Still Gathering Info; Thinking About the Prospects

Jan 17, 2018 by

KSEdTalk- LEGISLATIVE LANDSCAPE 2018, CLICK HERE TO LISTEN

These early days of a legislative session leave us wondering what we have to report to you every day! Legislators might be thought of as “hunter/gatherers.” While hunting for ideas and solutions, the spend a lot of time gathering information.

So it has been so far this year. In the committees we follow most closely – Appropriations, Ways and Means, the Tax Committees, the Education Committees, and the Education Budget Committees – we have been treated to many of the same presentations. These include:

  • Reviews of the impact of SB 19, the tax bill passed last session. What we know- Things are looking up but it’s still early – we should know a lot by April. And the new federal tax bill is likely to help make our revenue picture a “wild ride” (legislative staff said that not us!) with the first impact being a large influx of income tax cash as taxpayers sent in their last estimated tax payments in December rather than January to ensure those payments could still be deductible on their 2017 federal income tax form.
  • Reviews of the deliberations of the Special Committee on a Comprehensive Response to the School Finance Decision. This committee assembled a collection of data but chose not to forward any recommendations to the full legislature. The most talked about part of their report is their study of the impact of an 18% cut to all state agencies except K-12 education as a means of raising the $600 million they believe is needed to meet the Court’s ruling.
  • Reviews of the evolution of the education article in the Kansas Constitution (Article VI). The current language was drafted by a legislative committee in 1965 and by the public in 1966. Prior to 1966, it was the language of the Wyandotte Constitution. A number of legislators have been floating the idea of pressing a constitutional amendment to stop the Supreme Court from determining the school funding formula to be unconstitutional on the basis of adequacy.
  • Reviews for recent changes to KPERS including the impact on the unfunded actuarial liability of withholding state KPERS contributions as part of balancing the budget.
  • Presentations by Education Commissioner Randy Watson on the state of education in Kansas today.

It’s a lot of data!

 Is $600 million the number?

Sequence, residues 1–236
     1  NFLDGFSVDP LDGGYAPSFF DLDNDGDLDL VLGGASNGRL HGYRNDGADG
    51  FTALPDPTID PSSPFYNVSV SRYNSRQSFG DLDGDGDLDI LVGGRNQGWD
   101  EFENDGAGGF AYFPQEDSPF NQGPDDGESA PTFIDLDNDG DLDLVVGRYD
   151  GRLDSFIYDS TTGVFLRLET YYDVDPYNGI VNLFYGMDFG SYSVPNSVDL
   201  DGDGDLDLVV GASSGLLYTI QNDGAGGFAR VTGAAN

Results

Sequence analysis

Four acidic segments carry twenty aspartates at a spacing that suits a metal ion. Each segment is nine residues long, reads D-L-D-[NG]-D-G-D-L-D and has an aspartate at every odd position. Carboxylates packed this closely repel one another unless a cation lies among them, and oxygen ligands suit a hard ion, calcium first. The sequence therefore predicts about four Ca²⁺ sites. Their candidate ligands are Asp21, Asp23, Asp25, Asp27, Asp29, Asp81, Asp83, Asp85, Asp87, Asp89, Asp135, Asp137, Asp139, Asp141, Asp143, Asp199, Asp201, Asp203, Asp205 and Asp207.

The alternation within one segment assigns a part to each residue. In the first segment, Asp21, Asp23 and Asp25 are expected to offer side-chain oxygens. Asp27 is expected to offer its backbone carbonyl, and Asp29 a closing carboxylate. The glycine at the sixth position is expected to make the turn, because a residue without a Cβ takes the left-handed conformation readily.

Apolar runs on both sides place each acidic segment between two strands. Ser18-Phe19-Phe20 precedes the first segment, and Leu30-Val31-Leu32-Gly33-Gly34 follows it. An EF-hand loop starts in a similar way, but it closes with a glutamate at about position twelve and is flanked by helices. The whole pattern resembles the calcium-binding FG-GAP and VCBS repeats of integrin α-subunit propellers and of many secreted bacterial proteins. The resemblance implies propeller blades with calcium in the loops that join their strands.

It would seem that $600 million is the number under the dome. The Governor proposed $600 million, meeting the SBOE or the three-judge panel recommendations would take about $600 million, the Special Committee premised their discussion including consideration of budget cuts to raise $600 million, so it sounds a lot like consensus. (We recognize that there is a core group of legislators who don’t want to increase school funding at all.)

But of course, at the same time, the legislature has contracted for a new school funding study. That study is expected to be presented to the legislature on March 15. And that’s another problem.

The Court expects briefs to be filed on April 30. Attorney General Schmidt and the state’s attorney, Art Chalmers, both asked the legislature to finish their work by March 1 in order to meet that deadline. A few legislators have begun to float the idea of waiting until that study is complete. But to do so would jeopardize their ability to argue in the Supreme Court.

There are several things the legislature needs to do to get this task accomplished.

  • They need to deal with the four unconstitutional inequities in the new formula. This is a relatively easy task and Rep. Melissa Rooker (R-Fairway) has already filed a bill to fix those problems (HB 2445).
  • With that done, they can focus on the level of funding they need. Again, the SBOE, the three-judge panel, and the Governor have all indicated about $600 million.
  • They need to decide how to put that money into the system. The Governor suggested a five-year phase-in. We don’t know if the Court will accept a time frame of that length but most people agree there will be some kind of phase-in.
  • And finally, they need to make sure the money is available. They must show the Court that they are serious by presenting evidence that the money for a phase-in will actually be there. This might take additional revenue measures and it will certainly include evidence of increasing revenue collections.

These are the discussions we hope to see beginning very soon.

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